The Oy in My Joy!

Wedding canopyA WEDDING IS a joyous celebration and yet, two key symbols of the ceremony remind us of the Jewish duty to address the pain of the stranger. The couple stands under a huppah, representing the model Jewish home. The rabbis teach that this is the tent of Abraham and Sarah, who exemplified hospitality. The Torah describes Abraham sitting at the entrance to his desert tent when he spots travelers at a distance [Genesis 18:1]. He rushes to greet them, invites them to wash their feet, sip water and rest in shade. Sarah and Abraham hurriedly prepare a lavish feast for these strangers. The rabbis imagine our ancestor’s tent as open on all four sides so that passerby’s would always see a welcome opening. The huppah, open on all four sides, is a reminder to seek opportunities to help those in need.  Punctuating the end of the ceremony, the groom shatters a glass. This ritual originates with the Talmud’s description of the wedding of the son of Mar son of Ravina [Berachot 30b]. Attendees danced with abandon when the revered fourth-century, Babylonia sage emerged from his home with a fine crystal. He strode into the revelry and smashed the expensive glass conveying, “Even in our greatest joy we much remember the destruction of the Temple in Jerusalem.” The image took hold and the rabbis taught that in this world celebration is bittersweet: celebrating joy while retaining awareness of the duty to help repair a broken world. I recently traveled to the Dominican Republic as a rabbinic fellow of the American Jewish World Service (AJWS). Ruth Messinger, who led the organization for the past eighteen years, introduced us to local grantees, grassroots’ human-right’s organizations. I witnessed much pain and progress. For instance, I see before me Junior, who shows me his birth certificate. In order to gain acceptance to the university he needs the document authenticated, but he has no parents to do so. He has waited for over four years as the national bureaucracy has put him off. He is as if stateless. “Have you seen a lawyer?” I ask. “No, I cannot afford to do so.”  The grantee that morning provides attorneys for those in need. An attorney nearby writes down his contact information explaining that there is a path to validating his birth certificate by producing school transcripts. Tears well up as if finally finding hope. A Hillel rabbi on our group says to Ruth, “So many of my students do not want to hear about the needs of the stranger. They just want to relax at Hillel and socialize. What should I tell them about this work?” Ruth replies, “Just say, ‘This is Judaism.’” May we find much to celebrate in our lives and may we do so as Jews, aware that even in our greatest joy we are to remember our duty to tend to G-d’s other children who are in need.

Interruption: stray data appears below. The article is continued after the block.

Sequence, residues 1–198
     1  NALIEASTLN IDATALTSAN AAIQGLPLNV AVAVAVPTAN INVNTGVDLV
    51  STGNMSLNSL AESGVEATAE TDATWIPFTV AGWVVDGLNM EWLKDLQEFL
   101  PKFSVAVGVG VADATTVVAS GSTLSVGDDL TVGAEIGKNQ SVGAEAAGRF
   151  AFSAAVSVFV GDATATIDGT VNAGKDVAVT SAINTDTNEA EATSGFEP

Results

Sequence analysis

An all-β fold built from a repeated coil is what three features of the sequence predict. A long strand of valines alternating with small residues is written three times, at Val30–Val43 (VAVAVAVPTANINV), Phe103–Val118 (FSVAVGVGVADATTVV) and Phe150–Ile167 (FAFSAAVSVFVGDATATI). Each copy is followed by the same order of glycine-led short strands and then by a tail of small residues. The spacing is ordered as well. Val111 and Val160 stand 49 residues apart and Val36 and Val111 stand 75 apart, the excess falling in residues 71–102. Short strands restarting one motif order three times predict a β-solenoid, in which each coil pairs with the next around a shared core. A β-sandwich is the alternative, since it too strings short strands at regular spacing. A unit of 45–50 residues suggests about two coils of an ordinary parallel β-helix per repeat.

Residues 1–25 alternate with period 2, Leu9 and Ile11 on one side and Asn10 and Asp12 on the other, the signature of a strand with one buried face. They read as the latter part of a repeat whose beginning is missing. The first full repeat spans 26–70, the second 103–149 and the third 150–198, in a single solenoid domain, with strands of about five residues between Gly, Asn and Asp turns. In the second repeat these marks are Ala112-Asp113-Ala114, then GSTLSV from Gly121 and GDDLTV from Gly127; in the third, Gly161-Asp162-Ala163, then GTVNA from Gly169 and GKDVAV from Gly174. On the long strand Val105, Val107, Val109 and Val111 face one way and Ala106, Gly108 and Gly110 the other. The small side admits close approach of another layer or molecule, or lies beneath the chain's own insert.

Rabbi Spitz is a contributing writer to Jlife Magazine. 

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